In addition to beinh independent of all other federal agencies, we have 5 independent Board Members nominated by the President and confirmed by the Senate. Since our creation in 1926, our agency has one simple but noble purpose: to prevent transportation-related deaths and injuries. At the NTSB, we are on call 24 hours a day, 365 days a year to investigate accidents, assist the families of victims, and develop factual records and safety recommendations to make our transportation system safer. Currently there are 4 Members on the Board (one spot is vacant) so Board Members like myself are “on call” every 4 weeks, ready to launch as part of a Go Team, in case of a major disaster.
Unlike many government agencies, the NTSB does not have regulatory authority and we also have no financial incentives to promote our safety recommendations. We fiercely protect our values of independence, credibility, and transparency because these are the values that define our agency. We are independent so we do not report to anyone and we can make recommendations to anyone, such as the US Department of Transportation, state governments, associations, and private companies.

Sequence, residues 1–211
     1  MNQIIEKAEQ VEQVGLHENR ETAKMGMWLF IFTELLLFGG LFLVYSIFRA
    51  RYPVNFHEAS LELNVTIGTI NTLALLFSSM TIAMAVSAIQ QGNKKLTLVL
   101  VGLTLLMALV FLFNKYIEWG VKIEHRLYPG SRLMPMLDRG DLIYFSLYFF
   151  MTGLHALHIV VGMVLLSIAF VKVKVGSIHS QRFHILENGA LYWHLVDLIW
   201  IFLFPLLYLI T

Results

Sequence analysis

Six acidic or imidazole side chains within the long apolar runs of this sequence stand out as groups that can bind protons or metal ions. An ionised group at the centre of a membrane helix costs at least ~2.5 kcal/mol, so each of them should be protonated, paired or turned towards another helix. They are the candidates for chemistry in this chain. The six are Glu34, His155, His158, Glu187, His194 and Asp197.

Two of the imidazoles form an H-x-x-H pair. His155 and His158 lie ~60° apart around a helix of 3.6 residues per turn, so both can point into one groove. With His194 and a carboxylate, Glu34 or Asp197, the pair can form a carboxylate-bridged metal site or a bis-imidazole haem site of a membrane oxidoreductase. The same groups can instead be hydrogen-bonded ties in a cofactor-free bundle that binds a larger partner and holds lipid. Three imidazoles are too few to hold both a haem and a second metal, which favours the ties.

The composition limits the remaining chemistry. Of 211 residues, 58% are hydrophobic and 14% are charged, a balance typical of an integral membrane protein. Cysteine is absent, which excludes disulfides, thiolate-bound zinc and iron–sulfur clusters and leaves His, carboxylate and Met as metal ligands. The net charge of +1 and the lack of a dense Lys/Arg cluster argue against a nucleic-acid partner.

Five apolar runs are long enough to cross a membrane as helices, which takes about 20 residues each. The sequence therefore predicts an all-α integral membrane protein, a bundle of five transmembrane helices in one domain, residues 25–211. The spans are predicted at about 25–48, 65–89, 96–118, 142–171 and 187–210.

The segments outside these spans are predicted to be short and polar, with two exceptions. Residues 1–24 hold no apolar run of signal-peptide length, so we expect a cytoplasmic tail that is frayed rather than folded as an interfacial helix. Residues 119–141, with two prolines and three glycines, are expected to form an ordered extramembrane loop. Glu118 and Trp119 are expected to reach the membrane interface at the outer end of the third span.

We maintain this credibility by conducting very thorough investigations that touch on every single aspect of an accident from engineering to human performance to weather. We value this scientific and investigative rigor because our credibility lies in our reports and recommendations. As for transparency, our work and deliberations and votes are all done in the public eye, usually in webcast meetings in compliance with what is known as the Government in the Sunshine Act. As you can see if you ever watch our accident investigation and other board meetings, we sometimes do not agree – but that is a privilege and a responsibility for a Board Member. We debate publicly not for any political gain, but in order to come to the best resolution for the sake of safety.